Nitrogen metabolism in Haemonchus contortus and Teladorsagia circumcincta : a thesis presented in partial fulfilment of the requirements for the degree of Doctor of Philosophy at Massey University, Palmerston North, New Zealand
This is the first study to characterise proline, arginine and lysine
metabolism in homogenates of L3 and adult Haemonchus contortus and
Teladorsagia circumcincta. The properties of glutamate dehydrogenase
(GDH), glutamate synthase and the GABA shunt were also compared in the
two species. The kinetic properties of 26 enzymes were determined. The
gene encoding T. circumcincta GDH was sequenced and recombinant TcGDH
expressed and biochemically characterised.
The ornithine-glutamate-proline pathway was fully functional. The
mammalian α-AAA (saccharopine) and pipecolate pathways of lysine
catabolism, but not the bacterial enzymes lysine dehydrogenase and
decarboxylase, were present in adult worms. The pipecolate pathway was
incomplete in L3 of both species, as Pip2CR activity was undetectable.
Unusually, lysine ketoglutarate reductase and saccharopine dehydrogenase,
Δ1-pyrroline-5-carboxylate synthase and reductase were able to use both cofactors.
The glutamine synthetase-glutamate synthase pathway of ammonia
incorporation into glutamate was present, except in L3 H. contortus. T.
circumcincta GDH was cloned, purified and characterised and the predicted
protein sequence was very similar to H. contortus GDH. T. circumcincta
recombinant and H. contortus homogenate GDH were both dual co-factor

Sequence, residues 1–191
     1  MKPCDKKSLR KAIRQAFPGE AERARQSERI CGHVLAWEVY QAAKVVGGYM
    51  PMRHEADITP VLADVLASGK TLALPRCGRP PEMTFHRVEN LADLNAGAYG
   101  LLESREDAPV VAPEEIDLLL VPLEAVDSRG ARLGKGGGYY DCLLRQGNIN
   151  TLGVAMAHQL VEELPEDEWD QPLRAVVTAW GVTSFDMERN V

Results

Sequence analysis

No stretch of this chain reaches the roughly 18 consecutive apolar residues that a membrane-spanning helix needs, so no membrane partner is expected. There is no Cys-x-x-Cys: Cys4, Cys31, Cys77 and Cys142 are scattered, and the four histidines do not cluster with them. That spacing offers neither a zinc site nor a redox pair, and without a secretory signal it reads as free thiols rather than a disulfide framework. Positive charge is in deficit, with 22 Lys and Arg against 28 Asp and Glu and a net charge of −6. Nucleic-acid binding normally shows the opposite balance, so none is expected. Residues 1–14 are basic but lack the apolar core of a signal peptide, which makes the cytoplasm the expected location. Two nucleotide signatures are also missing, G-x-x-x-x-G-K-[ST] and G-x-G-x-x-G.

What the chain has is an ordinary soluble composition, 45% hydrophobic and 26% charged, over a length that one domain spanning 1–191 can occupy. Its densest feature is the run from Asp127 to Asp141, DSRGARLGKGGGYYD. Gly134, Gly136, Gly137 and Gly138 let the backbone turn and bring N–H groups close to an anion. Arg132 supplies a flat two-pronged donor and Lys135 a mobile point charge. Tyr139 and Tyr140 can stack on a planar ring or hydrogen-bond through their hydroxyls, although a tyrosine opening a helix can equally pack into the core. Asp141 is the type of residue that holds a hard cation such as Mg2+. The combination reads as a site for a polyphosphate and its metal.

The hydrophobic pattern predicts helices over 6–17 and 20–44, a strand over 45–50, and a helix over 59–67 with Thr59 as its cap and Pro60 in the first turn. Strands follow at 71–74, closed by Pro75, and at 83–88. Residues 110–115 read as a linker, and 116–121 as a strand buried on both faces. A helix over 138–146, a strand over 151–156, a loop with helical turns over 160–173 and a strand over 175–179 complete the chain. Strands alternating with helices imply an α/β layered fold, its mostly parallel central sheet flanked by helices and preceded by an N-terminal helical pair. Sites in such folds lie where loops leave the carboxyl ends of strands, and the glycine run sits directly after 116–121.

specific, although the latter had 50% greater activity with NAD+/H as cofactor.
GDH activity was inhibited by GTP and stimulated by ADP whereas
ATP either inhibited or stimulated depending on the concentration and
direction of the reaction. The GABA shunt enzymes glutamate decarboxylase
and succinic semialdehyde dehydrogenase was not detected in homogenates
of whole L3 or adult H. contortus or T. circumcincta.
Neither parasite had a full functional ornithine urea cycle, nor
appeared to use bacterial pathways to covert arginine to ornithine. NOS
were demonstrated histochemically in nerves of adult H. contortus, but was
undetectable in homogenates of both species. There was species variation in
polyamine metabolism: T. circumcincta used arginase to form ornithine,
followed by decarboxylation by ODC, while in H. contortus there was the
additional pathway of first decarboxylation by ADC to form agmatine, then
hydrolysis by agmatinase to putrescine. The present study helped in the
better understanding of nitrogen metabolism and these enzymes can be
useful targets if they differ antigenically from the host, provided the enzyme
is accessible to blockage by immune effectors.